The most surprising finding was that for four out of five perennial (!) plant species selected in monoculture vs. mixture were genetically distinct already after 10 years (with at least two experimentally ensured reproductive cycles). We showed that rapid evolution can happen in plant communities after only a small number of generations. Previously it was thought that evolution happening at ecological time scales was either largely limited to organisms with very short generation times (i.e., microbial species) or in macro-organisms like plants limited to non-genetic effects. Even though some of us were critical about the role of epigenetics to start with, most of us were still intrigued that genetic divergence was so clear and that it could explain almost all epigenetic variation.

Measuring traits, harvesting the biomass and taking samples was a big team effort. Which also made it more fun.

Moving forward, what are the next steps for this research?
Reduced-representation sequencing will never be able to exclude with certainty that epigenetic effects are entirely due to genetic differences at a place in the genome far away and thus possibly not sequenced. Ideally, we could do whole-genome bisulfite sequencing to get more to the bottom of all of this. We only sequenced about 2% of the genome, so potentially we have overlooked some important genes affecting DNA methylation. One next step would be selection experiments with clonal replicates of our perennial plants. However, this would also set epigenetic variation to zero and selection would have to use variation arising by new epigenetic mutations, whereas it may be more conceivable that epigenetic differentiation results from “sorting out” standing epigenetic variation.

What would your message be for students about to start their first research projects in this topic?
First of all: forge collaborations. This paper would not have been possible, if we had not met at a conference. If you hear a talk of somebody at a conference or at your department, even if you do not see an immediate potential for collaboration, approach the speaker and tell them about your research. They are likely equally interested in your things as you are in theirs. Further, following the more unconventional research avenue pays off, even when it sometimes might take a little longer getting a paper accepted for publication. Specific to our topic, we would definitely recommend adding an evolutionary twist to classic plant community ecology, it’s an emerging field and it’s always exciting to be among the first researchers to enter a new topic.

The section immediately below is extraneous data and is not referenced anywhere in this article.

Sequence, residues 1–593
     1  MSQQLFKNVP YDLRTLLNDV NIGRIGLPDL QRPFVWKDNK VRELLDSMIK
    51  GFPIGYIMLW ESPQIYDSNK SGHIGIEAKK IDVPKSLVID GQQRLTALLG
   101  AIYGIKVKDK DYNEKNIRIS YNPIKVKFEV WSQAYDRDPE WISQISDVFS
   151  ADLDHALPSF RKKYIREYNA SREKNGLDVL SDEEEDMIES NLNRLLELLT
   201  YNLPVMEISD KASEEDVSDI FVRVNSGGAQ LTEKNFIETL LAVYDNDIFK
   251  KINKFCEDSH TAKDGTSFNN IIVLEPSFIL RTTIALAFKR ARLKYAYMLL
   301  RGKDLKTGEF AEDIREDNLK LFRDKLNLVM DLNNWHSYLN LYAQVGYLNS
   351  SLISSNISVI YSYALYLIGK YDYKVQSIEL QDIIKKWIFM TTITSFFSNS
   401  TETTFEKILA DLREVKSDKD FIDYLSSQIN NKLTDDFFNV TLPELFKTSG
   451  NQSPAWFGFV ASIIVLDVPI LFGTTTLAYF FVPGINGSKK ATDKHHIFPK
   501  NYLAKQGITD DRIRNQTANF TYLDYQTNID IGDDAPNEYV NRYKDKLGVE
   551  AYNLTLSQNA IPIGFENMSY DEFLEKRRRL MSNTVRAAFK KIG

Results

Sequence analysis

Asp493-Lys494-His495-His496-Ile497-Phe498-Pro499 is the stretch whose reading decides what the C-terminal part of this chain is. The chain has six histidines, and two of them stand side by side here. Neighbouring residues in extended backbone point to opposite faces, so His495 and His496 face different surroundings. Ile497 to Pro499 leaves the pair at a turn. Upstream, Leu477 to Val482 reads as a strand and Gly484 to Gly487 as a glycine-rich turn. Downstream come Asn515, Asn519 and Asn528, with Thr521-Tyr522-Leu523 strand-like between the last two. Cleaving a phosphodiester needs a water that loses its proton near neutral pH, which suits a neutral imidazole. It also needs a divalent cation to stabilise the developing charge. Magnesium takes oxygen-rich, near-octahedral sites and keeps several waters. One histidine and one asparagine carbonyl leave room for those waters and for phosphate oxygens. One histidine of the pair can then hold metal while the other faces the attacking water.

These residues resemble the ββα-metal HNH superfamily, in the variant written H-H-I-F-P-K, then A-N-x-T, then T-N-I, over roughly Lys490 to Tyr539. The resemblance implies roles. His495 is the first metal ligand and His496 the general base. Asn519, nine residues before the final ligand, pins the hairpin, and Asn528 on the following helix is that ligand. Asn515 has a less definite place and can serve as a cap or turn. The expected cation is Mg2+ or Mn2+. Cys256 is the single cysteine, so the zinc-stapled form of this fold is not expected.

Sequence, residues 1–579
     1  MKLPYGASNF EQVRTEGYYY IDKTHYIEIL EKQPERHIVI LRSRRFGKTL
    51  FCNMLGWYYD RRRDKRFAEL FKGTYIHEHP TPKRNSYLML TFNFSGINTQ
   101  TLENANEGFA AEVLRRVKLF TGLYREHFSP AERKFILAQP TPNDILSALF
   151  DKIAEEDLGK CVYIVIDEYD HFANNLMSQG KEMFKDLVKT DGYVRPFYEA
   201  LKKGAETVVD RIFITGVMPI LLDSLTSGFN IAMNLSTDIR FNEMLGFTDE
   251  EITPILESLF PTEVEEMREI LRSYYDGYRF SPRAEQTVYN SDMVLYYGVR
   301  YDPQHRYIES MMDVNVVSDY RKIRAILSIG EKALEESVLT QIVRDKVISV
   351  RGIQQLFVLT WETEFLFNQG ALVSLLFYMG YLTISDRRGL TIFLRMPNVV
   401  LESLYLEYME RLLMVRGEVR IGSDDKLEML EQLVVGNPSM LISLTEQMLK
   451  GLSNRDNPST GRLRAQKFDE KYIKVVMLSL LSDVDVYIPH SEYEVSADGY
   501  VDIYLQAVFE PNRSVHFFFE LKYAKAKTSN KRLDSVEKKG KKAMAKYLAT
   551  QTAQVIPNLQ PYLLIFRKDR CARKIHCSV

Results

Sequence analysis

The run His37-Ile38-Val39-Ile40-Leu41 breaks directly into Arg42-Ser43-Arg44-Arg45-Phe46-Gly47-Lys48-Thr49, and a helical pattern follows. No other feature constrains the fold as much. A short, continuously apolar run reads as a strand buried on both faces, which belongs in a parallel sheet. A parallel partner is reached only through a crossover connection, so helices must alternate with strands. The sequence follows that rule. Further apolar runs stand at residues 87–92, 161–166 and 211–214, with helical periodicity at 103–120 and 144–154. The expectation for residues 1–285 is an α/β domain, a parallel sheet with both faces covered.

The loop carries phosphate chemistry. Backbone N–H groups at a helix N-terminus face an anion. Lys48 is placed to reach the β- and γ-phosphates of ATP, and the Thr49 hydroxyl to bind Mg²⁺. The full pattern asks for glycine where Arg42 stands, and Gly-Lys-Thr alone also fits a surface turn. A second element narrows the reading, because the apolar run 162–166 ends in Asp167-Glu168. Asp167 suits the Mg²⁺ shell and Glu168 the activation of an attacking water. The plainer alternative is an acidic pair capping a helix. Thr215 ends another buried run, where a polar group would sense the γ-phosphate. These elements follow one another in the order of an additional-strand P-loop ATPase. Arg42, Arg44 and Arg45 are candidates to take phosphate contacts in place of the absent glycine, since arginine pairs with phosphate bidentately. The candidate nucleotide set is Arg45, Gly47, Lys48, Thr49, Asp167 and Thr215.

Measuring traits in the glasshouse with help of the amazing Enrica De Luca and Nadia Castro.

What have you learned about science over the course of this project? 
Interdisciplinarity, even the small one between ecologists, molecular biologists and bioinformaticians is challenging but highly rewarding. Clearly, hot topics, such as epigenetics in ecology, are not free from differences in beliefs. Here we were juggling many different perspectives both among co-authors and among reviewers. It forced us to find a balance, which is also testimony for the importance of a broad-scale review process (five reviewers and a very engaged associate editor).

Describe the significance of this research for the general scientific community in one sentence.
Rapid genetic but not epigenetic adaptation among plant species in mixtures means that we cannot predict community functioning by studying species in isolation and that we should conserve and restore entire communities and not individual species.

van Moorsel SJ, Schmid MW, Wagemaker CA, van Gurp T, Schmid B, Vergeer P. (2019). Evidence for rapid evolution in a grassland biodiversity experiment. Molecular Ecology, 28(17), 4097-4117.